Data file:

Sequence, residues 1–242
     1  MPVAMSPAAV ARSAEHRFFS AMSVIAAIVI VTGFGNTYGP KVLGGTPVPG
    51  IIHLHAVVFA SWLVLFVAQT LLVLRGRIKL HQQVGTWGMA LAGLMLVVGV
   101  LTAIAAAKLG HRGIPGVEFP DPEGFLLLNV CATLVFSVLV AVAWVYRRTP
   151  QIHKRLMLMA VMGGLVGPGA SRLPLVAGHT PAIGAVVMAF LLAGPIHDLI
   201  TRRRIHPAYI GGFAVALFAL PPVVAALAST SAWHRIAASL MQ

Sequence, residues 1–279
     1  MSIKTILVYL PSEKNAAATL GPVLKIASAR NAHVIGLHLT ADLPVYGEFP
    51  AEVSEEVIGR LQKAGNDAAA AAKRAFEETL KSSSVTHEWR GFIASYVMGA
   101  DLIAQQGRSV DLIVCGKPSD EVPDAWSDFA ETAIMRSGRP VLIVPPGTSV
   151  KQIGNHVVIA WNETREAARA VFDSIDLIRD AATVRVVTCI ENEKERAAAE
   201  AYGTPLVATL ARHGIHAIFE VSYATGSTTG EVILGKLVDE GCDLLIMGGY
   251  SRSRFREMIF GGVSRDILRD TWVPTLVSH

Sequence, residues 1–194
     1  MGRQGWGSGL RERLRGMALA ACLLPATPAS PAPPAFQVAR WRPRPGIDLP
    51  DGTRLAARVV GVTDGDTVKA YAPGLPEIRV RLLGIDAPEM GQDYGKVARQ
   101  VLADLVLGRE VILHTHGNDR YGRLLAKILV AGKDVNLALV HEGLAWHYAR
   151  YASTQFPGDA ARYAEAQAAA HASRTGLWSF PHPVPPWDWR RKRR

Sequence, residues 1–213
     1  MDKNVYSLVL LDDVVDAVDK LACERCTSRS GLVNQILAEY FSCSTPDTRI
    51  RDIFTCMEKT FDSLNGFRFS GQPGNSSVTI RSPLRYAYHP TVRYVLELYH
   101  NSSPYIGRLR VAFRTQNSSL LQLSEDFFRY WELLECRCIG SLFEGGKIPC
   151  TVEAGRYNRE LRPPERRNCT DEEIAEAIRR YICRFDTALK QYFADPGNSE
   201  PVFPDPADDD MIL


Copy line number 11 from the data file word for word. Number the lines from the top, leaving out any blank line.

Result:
   151  KQIGNHVVIA WNETREAARA VFDSIDLIRD AATVRVVTCI ENEKERAAAE